Friday, August 20, 2004

...and a dollar short

On Wednesday my wife and I were at the Xcel Energy Center (home of the Minnesota Wild) with fellow Frater Saint Paul, Ed from Captain's Quarters, and Mitch Berg from Shot in the Dark. We were attending a rally for President Bush. Accounts of the event have already been provided by Ed, Mitch, and Derek from Freedom Dogs. I don't have a heck of a lot to add to their recollections, so instead I've elected to provide my views on what went down in the form of grades.

Let's begin with the MC, talk radio hostess Laura Ingraham. From what Laura has said on her show, I gather that she didn't get much notice for this appearance. And it definitely showed. She seemed ill-prepared, unfocused, and at times downright confused. It didn't help that the sound system made her voice sound extra screechy. She is also not a naturally funny person. Her attempts at humor fell flat and she was generally uninspiring. Hewitt, Prager, and especially Medved could have done a much better job. I also found it odd that was she was never formally introduced. It was just assumed that we would all know how she was, and, judging by the reactions of people around me in the crowd, that was a faulty assumption. Grade: C

The opening invocation was short but sweet and didn't offend those of the non-Christian persuasion unlike the long-winded prayer dirge that opened the second day of the MN GOP State Convention. Grade B+

St. Paul Mayor Randy Kelly merits a spilt score. On his political gamble to back Bush I give him an A-. On his performance on Wednesday I give him a C+. Charisma thy name is not Randy Kelly.

Memo to the doofus from the College Republicans: You are trying too hard son. Way too hard. Take off the "power" tie, unbutton your shirt, and stop with the histrionics. Grade: C-

In fact he should spend some time watching Colonel Joe Repya. The man is the real deal. He spoke from the heart and he spoke with passion. Plus great visual aids with Bush and Kerry bobble heads. Grade: A-

You're the Republican Party. You're having an event for the President. In St. Paul, a city where you desperately need to broaden your appeal. So when the time comes for someone from the local Bush/Cheney campaign team speak you choose a business owner from the wealthy suburb of Edina? Huh? Despite the speaker's assurance that the Edina vote was safely in the Bush column (whew-I was worried about that one) this was a terrible call. Why not put a blue collar guy from St. Paul up there? Grade: D+

Congressman John Kline did a fine job in the time he had. I think by the time he spoke the schedule was off and he had to rush a bit. Still overall he performed well. Grade: B+

Congressman Mark Kennedy brought some emotion to the event with the touching story of an Iraqi woman who visited him in Washington DC to learn about democracy. Grade: B+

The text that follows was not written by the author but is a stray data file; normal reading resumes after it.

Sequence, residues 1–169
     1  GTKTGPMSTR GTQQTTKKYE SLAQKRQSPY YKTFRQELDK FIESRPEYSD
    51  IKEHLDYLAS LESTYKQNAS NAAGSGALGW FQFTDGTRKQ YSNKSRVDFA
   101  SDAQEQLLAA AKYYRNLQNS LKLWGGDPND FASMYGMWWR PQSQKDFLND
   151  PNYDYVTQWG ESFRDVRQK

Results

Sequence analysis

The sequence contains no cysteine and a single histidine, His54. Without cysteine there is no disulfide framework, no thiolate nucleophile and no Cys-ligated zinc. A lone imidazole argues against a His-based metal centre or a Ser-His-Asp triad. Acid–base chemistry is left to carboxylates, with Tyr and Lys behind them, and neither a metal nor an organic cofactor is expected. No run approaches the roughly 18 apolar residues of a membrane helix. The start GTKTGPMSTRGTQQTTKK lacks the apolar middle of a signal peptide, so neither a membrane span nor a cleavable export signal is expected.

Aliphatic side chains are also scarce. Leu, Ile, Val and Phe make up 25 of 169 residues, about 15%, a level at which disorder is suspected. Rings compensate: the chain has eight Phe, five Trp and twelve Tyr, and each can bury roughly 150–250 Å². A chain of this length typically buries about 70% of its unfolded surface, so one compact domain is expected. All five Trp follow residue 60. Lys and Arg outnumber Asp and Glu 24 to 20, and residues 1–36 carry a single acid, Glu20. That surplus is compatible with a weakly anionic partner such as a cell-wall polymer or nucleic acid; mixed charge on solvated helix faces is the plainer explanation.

Congressman Gil Gutknecht on the other hand was pathetic. And I'm ain't just talking about that silly excuse for a hair piece either. In a time when Republicans are trying to focus the electorate on the big issues of the day (the war and the economy) Gil chose to discuss four of the most trivial issues imaginable. And after we had just been told that Bush was a strong leader because he didn't base his decisions on opinion polls, Gil cited survey after survey showing that Americans supported the meaningless issues he was pushing. Gil from the Simpson's could have given a better speech. Grade: D--

Norm Coleman got the crowd out of their seats (those who had seats that is) with his list of ten reasons to vote for Bush. It wasn't a perfect performance, but even when Norm is not 100% he's still better than most. Grade: A-

And finally the big guy. W. I had been expecting a boilerplate twenty minute stump speech and so was pleasantly surprised when Bush's talk lasted nearly forty-five minutes. For the most part, I was buying what he was selling. Bush laid out the best post-invasion justification for going to war with Iraq that I've yet heard from him. I looked over at Captain Ed a couple of times during it, and we nodded in agreement that this is what voters need to hear over and over, from now until November. Bush also delivered a strong message on ownership and responsibility for all Americans. These are areas that I believe are critical in appealing to those Americans who consider themselves liberal, but tend to lead conservative lives. And he made me very happy by mentioning Social Security reform and how important that issue is for the younger, post-Boomer generations. There was some overlap and returning to previously discussed issues during the speech, and, with a bit of editing, he could probably have trimmed five minutes out without losing any context. But overall I was quite impressed with the man and his message. Grade: B+

The big question is, was it worth it? Worth the half-day of vacation that I took from work? Worth the wait outside to get in? Worth standing for close to five hours with no relief for my feets?

Undoubtedly yes.

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